Document Type



Doctor of Philosophy (PhD)


Social Welfare

First Advisor's Name

Barbara Thomlison

First Advisor's Committee Title

Committee Chair

Second Advisor's Name

Miriam Potocky

Second Advisor's Committee Title

Committee Member

Third Advisor's Name

Mark Macgowan

Third Advisor's Committee Title

Committee Member

Fourth Advisor's Name

Ellen Brown

Fourth Advisor's Committee Title

Committee Member


Social Work

Date of Defense



This study examined the predictors of independent living outcomes among community–living older women who received informal care. The central hypothesis was that older women’s level of functioning is influenced by their relationship with their informal caregiver. The study attempted to understand the independence of older women through the perspective of both informal caregivers and the older women themselves. The following eight variables were measured: 1) the older women’s independence (dependent variable); 2) the relationship between older women and their informal caregivers (independent variable); 3) roles of both the informal caregiver and older women (independent variable); 4) the older women’s attitudes toward aging (independent variable); 5) the older women’s age identity (independent variable); 6) the older women’s health (control variable); 7) the older women’s level of social support (control variable); and 8) the older women’s level of depression (control variable). The variables were measured from the perspective of the older woman herself and her informal caregiver. This study used an ecological and developmental framework along with role theory to understand the interaction among the aforementioned variables through a cross-sectional design. The recruited older women participants of this study were receiving ongoing care and personal assistance from two large home care agencies located in Miami, FL. An analysis was conducted through a mixed-methods incorporated into the study design. The present study aimed to contribute to the understanding of how the relationship between older women and their informal caregivers influences older women’s ability to maintain independent outcomes. The primary finding of this study was that there were both positive and negative experiences within the relationship dynamic of older women and their informal caregivers and that this relationship was either unidirectional or bi-directional.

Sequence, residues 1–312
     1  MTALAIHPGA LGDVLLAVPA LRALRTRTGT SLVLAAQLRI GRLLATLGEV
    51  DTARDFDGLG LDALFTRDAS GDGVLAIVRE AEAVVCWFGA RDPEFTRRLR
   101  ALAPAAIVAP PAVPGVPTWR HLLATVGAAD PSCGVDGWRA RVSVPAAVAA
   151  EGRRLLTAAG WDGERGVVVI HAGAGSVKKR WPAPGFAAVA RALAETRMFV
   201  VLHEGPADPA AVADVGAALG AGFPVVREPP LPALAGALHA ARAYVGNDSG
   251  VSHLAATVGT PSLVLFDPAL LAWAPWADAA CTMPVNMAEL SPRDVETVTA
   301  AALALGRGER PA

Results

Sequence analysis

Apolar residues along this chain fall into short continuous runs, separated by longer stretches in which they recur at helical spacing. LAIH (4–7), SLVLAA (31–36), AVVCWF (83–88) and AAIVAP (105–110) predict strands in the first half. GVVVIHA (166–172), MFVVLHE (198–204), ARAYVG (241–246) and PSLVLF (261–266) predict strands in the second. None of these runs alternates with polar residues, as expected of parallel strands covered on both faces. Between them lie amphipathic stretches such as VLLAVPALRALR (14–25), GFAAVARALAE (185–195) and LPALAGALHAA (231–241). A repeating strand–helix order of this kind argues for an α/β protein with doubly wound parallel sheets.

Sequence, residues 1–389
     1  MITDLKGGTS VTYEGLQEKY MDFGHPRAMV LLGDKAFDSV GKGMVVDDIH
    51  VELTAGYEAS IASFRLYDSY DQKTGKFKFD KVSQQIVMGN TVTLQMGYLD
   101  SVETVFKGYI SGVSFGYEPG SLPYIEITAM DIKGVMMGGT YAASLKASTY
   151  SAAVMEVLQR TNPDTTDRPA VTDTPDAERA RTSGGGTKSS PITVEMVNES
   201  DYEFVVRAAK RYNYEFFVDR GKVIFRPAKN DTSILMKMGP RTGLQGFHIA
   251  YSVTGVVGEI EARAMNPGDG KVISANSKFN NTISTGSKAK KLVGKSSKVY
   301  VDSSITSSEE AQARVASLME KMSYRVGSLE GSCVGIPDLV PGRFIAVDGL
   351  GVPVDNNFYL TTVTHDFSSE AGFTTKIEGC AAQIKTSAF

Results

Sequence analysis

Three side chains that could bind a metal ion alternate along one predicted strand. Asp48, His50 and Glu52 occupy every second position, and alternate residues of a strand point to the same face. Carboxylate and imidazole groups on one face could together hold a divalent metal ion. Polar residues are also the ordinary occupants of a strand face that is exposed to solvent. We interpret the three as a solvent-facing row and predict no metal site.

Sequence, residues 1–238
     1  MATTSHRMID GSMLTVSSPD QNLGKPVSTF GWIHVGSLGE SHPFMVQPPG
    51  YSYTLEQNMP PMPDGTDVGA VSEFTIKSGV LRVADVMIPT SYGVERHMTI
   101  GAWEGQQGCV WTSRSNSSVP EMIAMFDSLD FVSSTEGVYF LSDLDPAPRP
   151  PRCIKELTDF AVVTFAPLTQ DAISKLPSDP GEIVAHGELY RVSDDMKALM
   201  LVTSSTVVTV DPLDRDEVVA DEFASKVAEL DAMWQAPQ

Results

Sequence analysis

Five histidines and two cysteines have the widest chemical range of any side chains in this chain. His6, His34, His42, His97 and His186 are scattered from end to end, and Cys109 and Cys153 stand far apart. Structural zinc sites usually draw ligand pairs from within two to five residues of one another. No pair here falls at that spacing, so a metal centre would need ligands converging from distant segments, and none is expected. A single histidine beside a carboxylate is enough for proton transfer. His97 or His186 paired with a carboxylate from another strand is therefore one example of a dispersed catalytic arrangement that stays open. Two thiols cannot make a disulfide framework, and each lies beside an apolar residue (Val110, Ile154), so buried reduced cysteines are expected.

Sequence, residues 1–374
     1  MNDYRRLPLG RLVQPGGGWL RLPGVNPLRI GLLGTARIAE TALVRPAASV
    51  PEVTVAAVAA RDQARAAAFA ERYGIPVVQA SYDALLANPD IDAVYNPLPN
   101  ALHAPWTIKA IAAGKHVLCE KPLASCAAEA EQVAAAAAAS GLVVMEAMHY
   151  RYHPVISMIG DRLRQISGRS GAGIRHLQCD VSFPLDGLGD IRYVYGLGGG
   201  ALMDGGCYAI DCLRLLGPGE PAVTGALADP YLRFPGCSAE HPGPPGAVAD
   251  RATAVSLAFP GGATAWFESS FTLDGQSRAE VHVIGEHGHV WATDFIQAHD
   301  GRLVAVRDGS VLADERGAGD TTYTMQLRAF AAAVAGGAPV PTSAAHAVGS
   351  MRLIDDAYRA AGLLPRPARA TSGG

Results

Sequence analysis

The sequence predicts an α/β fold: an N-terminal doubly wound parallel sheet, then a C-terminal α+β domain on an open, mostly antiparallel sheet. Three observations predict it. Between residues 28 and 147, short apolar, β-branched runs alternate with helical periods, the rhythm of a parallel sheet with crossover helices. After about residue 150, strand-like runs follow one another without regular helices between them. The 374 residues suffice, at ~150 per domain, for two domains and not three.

Included in

Social Work Commons



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